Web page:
The enforcer of border laws
As governor of Arizona, Janet Napolitano last year signed into law the nation’s harshest penalty for employers who knowingly hire illegal immigrants, a measure that would take away their business licenses for a second violation.
She called it the “business death penalty” and the “most aggressive action in the country” to stem the flow of illegal workers. She also criticized Congress and the federal government for failing to act on immigration overhaul. “The states will take the lead, and Arizona will take the lead among the states,” she said.
Now, Napolitano may have a chance to lead the federal effort to enforce immigration laws if, as expected, she is nominated by President-elect Barack Obama to head the Department of Homeland Security.
Her record in Arizona, where she has been both the U.S. attorney and the state’s attorney general, suggests she is willing to be a tough enforcer. Her state has a 376-mile border with Mexico, and she was the first governor to call for stationing the National Guard along it.
But Napolitano also has shown an instinct for finding her way through the immigration minefield in a state where political battle lines were well drawn. She took a centrist position, supporting strong steps to prevent new illegal immigrants from coming to Arizona, while opposing most measures that would punish illegal immigrants who were already living and working there.
Bucking popular sentiment, she vetoed a bill in 2005 that would have cut off in-state tuition aid to students in the country illegally. “This bill goes too far by punishing even longtime residents of this state who were brought here as small children by their parents,” she said.
She also vetoed bills that would have required the local police to enforce the immigration laws by arresting people in the state illegally.
“The illegal immigrant has in Gov. Napolitano his best friend in the state,” Republican state Rep. Tom Boone, a sponsor of these measures, said in reaction to her veto.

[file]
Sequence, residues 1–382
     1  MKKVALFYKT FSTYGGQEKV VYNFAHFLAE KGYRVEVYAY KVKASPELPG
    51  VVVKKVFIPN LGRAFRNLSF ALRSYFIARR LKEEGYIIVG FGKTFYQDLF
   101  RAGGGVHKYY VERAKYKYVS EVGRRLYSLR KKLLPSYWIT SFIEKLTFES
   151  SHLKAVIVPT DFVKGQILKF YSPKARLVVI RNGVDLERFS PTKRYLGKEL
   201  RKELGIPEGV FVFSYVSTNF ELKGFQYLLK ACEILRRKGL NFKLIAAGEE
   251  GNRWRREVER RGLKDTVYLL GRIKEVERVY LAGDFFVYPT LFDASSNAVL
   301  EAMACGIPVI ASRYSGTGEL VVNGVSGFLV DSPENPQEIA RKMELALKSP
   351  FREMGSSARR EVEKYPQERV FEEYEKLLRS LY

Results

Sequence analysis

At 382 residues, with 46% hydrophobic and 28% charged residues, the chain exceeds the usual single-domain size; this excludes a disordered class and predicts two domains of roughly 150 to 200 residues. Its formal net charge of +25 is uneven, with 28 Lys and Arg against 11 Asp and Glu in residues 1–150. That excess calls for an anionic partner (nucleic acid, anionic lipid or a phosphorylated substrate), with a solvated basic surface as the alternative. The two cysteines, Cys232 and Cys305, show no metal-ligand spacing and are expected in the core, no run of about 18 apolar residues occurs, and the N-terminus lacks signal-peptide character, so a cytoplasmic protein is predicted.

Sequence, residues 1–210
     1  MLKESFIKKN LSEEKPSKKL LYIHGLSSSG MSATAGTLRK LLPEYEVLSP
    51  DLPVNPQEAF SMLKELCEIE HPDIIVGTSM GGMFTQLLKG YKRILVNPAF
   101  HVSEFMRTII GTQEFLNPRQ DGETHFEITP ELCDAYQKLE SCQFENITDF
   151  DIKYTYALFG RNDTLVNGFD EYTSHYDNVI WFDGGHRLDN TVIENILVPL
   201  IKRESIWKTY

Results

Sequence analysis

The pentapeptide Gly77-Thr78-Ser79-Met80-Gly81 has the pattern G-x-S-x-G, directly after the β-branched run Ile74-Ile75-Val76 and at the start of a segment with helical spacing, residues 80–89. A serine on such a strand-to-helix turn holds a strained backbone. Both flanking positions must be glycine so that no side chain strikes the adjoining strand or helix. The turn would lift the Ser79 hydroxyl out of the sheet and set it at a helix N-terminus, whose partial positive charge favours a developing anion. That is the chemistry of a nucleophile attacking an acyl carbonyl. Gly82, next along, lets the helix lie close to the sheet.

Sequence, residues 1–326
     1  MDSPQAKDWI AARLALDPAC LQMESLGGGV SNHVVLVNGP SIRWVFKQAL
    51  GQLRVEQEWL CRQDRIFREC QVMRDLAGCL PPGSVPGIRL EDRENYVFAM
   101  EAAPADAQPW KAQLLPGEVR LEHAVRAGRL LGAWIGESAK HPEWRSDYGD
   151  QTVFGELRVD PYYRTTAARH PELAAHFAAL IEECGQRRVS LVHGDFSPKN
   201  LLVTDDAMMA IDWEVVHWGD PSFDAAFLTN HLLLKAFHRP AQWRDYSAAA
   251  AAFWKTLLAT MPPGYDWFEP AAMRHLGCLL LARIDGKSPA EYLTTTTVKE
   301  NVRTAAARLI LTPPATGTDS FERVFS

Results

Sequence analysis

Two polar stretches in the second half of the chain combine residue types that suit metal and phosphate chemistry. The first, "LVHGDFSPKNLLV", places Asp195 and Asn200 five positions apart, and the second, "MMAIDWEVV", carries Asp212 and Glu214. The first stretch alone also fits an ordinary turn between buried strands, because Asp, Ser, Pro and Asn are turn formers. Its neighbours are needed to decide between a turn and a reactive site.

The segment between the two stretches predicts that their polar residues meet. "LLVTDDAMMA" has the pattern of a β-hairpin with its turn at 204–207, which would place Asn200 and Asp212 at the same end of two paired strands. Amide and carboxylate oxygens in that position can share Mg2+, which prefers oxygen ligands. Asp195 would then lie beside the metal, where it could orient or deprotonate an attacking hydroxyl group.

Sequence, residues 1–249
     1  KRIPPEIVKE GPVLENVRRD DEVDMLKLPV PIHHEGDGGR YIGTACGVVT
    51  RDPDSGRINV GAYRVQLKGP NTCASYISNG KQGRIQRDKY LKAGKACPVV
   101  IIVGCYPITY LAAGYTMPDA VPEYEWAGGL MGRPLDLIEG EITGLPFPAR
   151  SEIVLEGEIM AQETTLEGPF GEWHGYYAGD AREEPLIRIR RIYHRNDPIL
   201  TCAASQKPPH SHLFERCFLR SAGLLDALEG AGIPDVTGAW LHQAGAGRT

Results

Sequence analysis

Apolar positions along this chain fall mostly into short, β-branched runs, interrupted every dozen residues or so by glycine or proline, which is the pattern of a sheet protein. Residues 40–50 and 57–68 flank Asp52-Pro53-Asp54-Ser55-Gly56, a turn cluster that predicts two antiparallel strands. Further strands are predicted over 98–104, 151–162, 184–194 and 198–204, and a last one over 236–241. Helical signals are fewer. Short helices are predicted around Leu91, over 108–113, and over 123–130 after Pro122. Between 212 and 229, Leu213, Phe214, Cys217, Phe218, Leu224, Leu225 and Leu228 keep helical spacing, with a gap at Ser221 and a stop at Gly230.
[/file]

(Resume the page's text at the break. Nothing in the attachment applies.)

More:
Nonetheless, the Democratic governor has remained popular in Republican-leaning Arizona. She was reelected two years ago by a nearly 2-1 ratio, and her approval rating is well over 70%.
“She has attempted to take a middle ground, and her view is it has calmed the debate in Arizona,” said John Trasvina, president and general counsel of the Mexican American Legal Defense and Education Fund in Los Angeles.
But a tough enforcer of existing immigration laws is not what his group was hoping for from the Obama administration. Trasvina said his group and other Latino groups might not support her nomination with enthusiasm. “Arizona has become one of the worst states for immigrants in this country,” he said. “I would say her record fits the state of Arizona, and we look forward to a different focus when she reaches Washington.”
The Mexican American Legal Defense and Education Fund and the U.S. Chamber of Commerce, among other groups, have gone to court to challenge Arizona’s employer-sanction law. A federal judge upheld it in February; an appeal is pending in the U.S. 9th Circuit Court of Appeals.
Some advocates of stronger enforcement say Napolitano may be a good choice for Homeland Security secretary. “As governor, she has bitterly complained about the federal government’s failure to control immigration. Now she could have the opportunity to change things. She will be in charge of enforcement,” said Ira Mehlman, a spokesman for the Federation for American Immigration Reform.
Napolitano has not been a backer of the border fence currently under construction: “You show me a 50-foot wall, and I’ll show you a 51-foot ladder,” she has said.
But in a speech last year, she outlined a series of measures to control immigration, including an improved national employer verification system that would make use of Social Security data.
“Our current immigration system is broken. It is too easy for the ‘bad guys’ to enter our country and too difficult for the ‘good guys’ -- whose energies and intellects we need -- to obtain lawful status,” she said.
She called for a streamlined visa process and “tamper-proof immigration documents” that would reduce the use of fraudulent identifications.
She also proposed a “temporary worker program with no amnesty” that would help employers fill the need for workers. “Foreign labor should not be a substitute for U.S. workers, but it is critical that we bring foreign workers out of the shadows, put the clamps on the underground labor market and bring greater stability to our workforce,” she said.
At the same time, the federal government should force employers to check the immigration status of new workers. “We have the technology; now we need to put it to work . . . so employers can perform real-time verification” to assure that new workers are here legally, she said. “Employers who hire illegal immigrants -- and know it -- should be held accountable and penalized.”
And though Napolitano said she favored allowing foreign workers to come to the U.S. for temporary employment, she also said they should be called temporary workers. “I reject the term ‘guest’ worker,” she said. “To me, this implies someone coming here to take a vacation. These people are coming to work.”
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